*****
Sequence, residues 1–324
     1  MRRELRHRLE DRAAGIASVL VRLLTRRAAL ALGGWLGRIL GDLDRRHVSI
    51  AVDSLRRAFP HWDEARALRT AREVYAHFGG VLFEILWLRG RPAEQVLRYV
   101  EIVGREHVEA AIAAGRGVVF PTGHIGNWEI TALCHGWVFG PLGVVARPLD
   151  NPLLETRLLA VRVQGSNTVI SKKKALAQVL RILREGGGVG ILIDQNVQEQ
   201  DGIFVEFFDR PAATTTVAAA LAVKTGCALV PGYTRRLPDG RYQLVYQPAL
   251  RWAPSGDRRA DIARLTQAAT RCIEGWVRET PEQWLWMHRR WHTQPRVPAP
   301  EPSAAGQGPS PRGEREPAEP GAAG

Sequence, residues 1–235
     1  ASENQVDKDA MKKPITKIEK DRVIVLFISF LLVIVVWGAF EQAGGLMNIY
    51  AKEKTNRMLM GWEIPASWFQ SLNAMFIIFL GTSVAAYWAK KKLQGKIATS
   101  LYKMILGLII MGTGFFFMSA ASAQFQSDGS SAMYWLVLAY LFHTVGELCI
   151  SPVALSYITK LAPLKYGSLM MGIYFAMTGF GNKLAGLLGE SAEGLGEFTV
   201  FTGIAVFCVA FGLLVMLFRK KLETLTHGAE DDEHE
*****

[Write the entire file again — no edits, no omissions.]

Sequence, residues 1–324
     1  MRRELRHRLE DRAAGIASVL VRLLTRRAAL ALGGWLGRIL GDLDRRHVSI
    51  AVDSLRRAFP HWDEARALRT AREVYAHFGG VLFEILWLRG RPAEQVLRYV
   101  EIVGREHVEA AIAAGRGVVF PTGHIGNWEI TALCHGWVFG PLGVVARPLD
   151  NPLLETRLLA VRVQGSNTVI SKKKALAQVL RILREGGGVG ILIDQNVQEQ
   201  DGIFVEFFDR PAATTTVAAA LAVKTGCALV PGYTRRLPDG RYQLVYQPAL
   251  RWAPSGDRRA DIARLTQAAT RCIEGWVRET PEQWLWMHRR WHTQPRVPAP
   301  EPSAAGQGPS PRGEREPAEP GAAG

Sequence, residues 1–235
     1  ASENQVDKDA MKKPITKIEK DRVIVLFISF LLVIVVWGAF EQAGGLMNIY
    51  AKEKTNRMLM GWEIPASWFQ SLNAMFIIFL GTSVAAYWAK KKLQGKIATS
   101  LYKMILGLII MGTGFFFMSA ASAQFQSDGS SAMYWLVLAY LFHTVGELCI
   151  SPVALSYITK LAPLKYGSLM MGIYFAMTGF GNKLAGLLGE SAEGLGEFTV
   201  FTGIAVFCVA FGLLVMLFRK KLETLTHGAE DDEHE